File: fonts2.html

package info (click to toggle)
scribus-doc 1.2.1-2
  • links: PTS
  • area: non-free
  • in suites: sarge
  • size: 2,920 kB
  • ctags: 374
  • sloc: makefile: 387; xml: 110
file content (35 lines) | stat: -rw-r--r-- 4,421 bytes parent folder | download
1
2
3
4
5
6
7
8
9
10
11
12
13
14
15
16
17
18
19
20
21
22
23
24
25
26
27
28
29
30
31
32
33
34
35
<qt>
<title>Fonts in Depth</title>
<h2>Fonts in Depth</h2>

<p>Fonts are often where the trouble starts and often ends in DTP. They are in my experience one of the leading troubles in DTP in general and one of the sources of constant questions on the mailing list and IRC. </p>

<p>Scribus uses the freetype2 libraries for accessing font features. Scribus also does some error checking upon loading to verify the quality of the fonts. Not all fonts are up to the task for use in DTP. Why ?</p>

<p>High quality fonts are essential for reliable output, no matter which platform. Call me a font snob, but I never ever use freely downloaded shareware fonts. These are the fonts I use and trust are the following (in no particular order) :</p>

<ul>
	<li>The latest Ghostscript fonts. You can get an alternative set of these in TrueType form, from the Artifex site. These alternatives also come with some extra font families and are good usable fonts. </li>
	<li>Any of the Adobe or Bitstream fonts from Xfree86 or X.org: Charter, Luxi and Utopia are excellent fonts from this package. This doc is set using Utopia for the main body text.</li>
	<li>Any of the Lucida fonts from the Sun Java Packages.</li>
	<li>MS Web fonts - the exception is Wingdings causes problems, not just for Scribus.</li>
	<li>Lido CE family is an alternative to Times Roman and is a very well made font, by a well known font company.</li>
	<li>Gentium - an ambitious effort to create a freely available Unicode font which works well with most Latin scripts.</li>
	<li>Bitstream Vera Family - These were donated to the Gnome foundation and are packaged by most distributions. The Vera Serif is in particular a rarity, a really easy to read on screen serifed font. </li>
	<li>Any of the Bitstream Fonts from Corel Draw. I have clients who have used these for years in professional pre-press without a single problem.</li>
	<li>Any Adobe font. Adobe fonts are some of the best and if you have them, the new OpenType fonts are terrific. Scribus is one of the rare applications to support them well, including making them work well with PDF so they print properly from PDF.</li>
	<li>Any of the fonts packaged with StarOffice 6.0+. These are replacements for the default Windows fonts in some cases and include other font faces. These are all high quality fonts licensed from Agfa Monotype and should work fine in Scribus.</li>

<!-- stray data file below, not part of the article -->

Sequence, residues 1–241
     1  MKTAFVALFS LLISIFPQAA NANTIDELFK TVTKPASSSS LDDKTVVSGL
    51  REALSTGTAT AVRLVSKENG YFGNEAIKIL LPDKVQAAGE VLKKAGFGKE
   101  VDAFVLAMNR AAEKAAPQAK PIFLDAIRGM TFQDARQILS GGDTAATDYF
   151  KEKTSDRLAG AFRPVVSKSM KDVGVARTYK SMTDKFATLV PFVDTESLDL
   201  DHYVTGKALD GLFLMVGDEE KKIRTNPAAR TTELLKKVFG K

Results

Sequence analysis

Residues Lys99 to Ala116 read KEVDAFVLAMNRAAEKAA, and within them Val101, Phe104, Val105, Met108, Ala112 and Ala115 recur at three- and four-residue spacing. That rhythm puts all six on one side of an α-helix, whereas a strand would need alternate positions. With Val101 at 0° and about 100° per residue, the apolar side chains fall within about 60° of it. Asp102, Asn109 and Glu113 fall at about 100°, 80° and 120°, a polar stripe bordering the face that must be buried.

</ul>

<p>You can find links for all the downloadable fonts noted above on the Scribus web and docs site. </p>

<p>Some distros package some freefonts and shareware fonts under various package names. I avoid them and have removed them from some installs without missing them. </p>

<p>Do not be surprised when shareware or clone TrueType fonts downloaded from the Internet disappoint when printed. Sometimes shareware TrueType fonts do not follow proper the proper encoding specs, so they are unreliable in a Postscript environment. Making good reliable fonts in the Postscript sense is not easy and requires extensive QA testing. An example: Verdana from the MS web font collection took almost a year to create.</p>

<p>Also, do not be put off by the lack of a great screen preview with the URW fonts - they are excellent printer fonts. Font faces like Palladio and Utopia for example, are not really attractive on screen, but they are excellent fonts for easy to read documents. There is a reason service bureaus and printers spend literally thousands of dollars for high quality font libraries. </p>

<p>As for installation, if you use <code>$home/.fonts</code> directory for adding fonts, Scribus should find them just fine. For those leery of messing around with the command line tools for font installation, KDE 3.2+ includes an improved version of Keith Drummond's kfontinstaller program. The one in KDE 3.3 works superbly and you can even preview fonts within Konqueror. In my opinion it is one of the most user friendly font installers I have seen on any platform. Recommended. </p>

<p>Scribus also makes it easy to add additional font paths. Simply, close all documents, then select Settings > Fonts > Additional Paths. Select the new path and click OK. If fonts, still do not show up, you may need to add these to either your <code>$home/.fonts.conf</code> file or other method depending on your distro. If some still fail to show up, it is possibly Scribus's font checking mechanism has disabled them. </p>
</qt>